Why should it? Well, try this:
- 5 ÷ 10 = 0.5
- 5 ÷ 1 = 5
- 5 ÷ 0.1 = 50
- 5 ÷ 0.01 = 500
- 5 ÷ 0.001 = 5000
As we divide by smaller and smaller numbers the result gets ever bigger. Logically, then, as the divisor tends to (ie gets closer to) zero, so the result tends to infinity. But this is not the same as saying that division by zero actually is infinity, is it? What about drawing a graph with an asymptote?
Here’s the graph of
We can see that as x tends to 2, so the graph gets closer to the line x = 2 (the line is called an asymptote), with values tending towards , but again, it doesn’t actually happen – there is no point on the graph (2, ).
Let’s look at it another way. As an example, 12 ÷ 4 means “how many 4s make 12? Answer: 3. So 12 ÷ 0 must mean “how many zeroes make twelve?” Answer: impossible. Even an infinity of zeroes still makes zero. All we can say is that if we divide by a number which gets ever closer to zero, the result gets bigger and bigger – for ever!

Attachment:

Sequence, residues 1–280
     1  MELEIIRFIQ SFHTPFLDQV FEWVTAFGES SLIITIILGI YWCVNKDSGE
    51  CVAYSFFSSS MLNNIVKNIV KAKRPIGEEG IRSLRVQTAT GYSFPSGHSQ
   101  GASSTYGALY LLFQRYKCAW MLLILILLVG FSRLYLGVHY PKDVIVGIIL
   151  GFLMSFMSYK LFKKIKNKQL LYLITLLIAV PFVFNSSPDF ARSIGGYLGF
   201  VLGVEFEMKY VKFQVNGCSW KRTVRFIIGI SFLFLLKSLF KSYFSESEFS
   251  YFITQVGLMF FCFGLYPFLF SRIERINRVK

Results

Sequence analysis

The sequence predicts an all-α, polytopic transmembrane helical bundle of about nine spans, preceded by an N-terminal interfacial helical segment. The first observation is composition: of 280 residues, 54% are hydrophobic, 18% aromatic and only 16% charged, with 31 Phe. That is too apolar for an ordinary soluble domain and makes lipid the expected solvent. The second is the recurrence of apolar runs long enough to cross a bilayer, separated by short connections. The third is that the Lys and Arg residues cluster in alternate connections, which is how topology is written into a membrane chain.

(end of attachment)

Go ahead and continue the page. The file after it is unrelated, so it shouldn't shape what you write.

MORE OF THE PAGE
Of course, dividing into zero is another matter. 0 ÷ x = 0, whatever the value of x. But this leads us to another knotty problem – what is the value of 0 ÷ 0? We know that:
So could be any of these? Let’s pose the problem another way. Suppose . It would then follow that 0 = k × 0, but that means that k could take any value. So we must conclude that is also undefined.
A well known fallacy
Division by zero is at the heart of this fallacious argument which proves that 2=1!
Suppose we have two numbers a and b, such that a = b
- ab = b2
- ab – a2 = b2 – a2
- a(b – a) = (b + a)(b – a)
- a = b + a
- a = 2a (Since b = a)
- So 1 = 2.
The fallacy lies after the third line of working where I divided both sides by (b – a); since a = b this means b – a = 0, and that makes everything go horribly wrong! Effectively, it’s like saying 2 × 0 = 3 × 0, so divide both sides by 0 to get 2 = 3.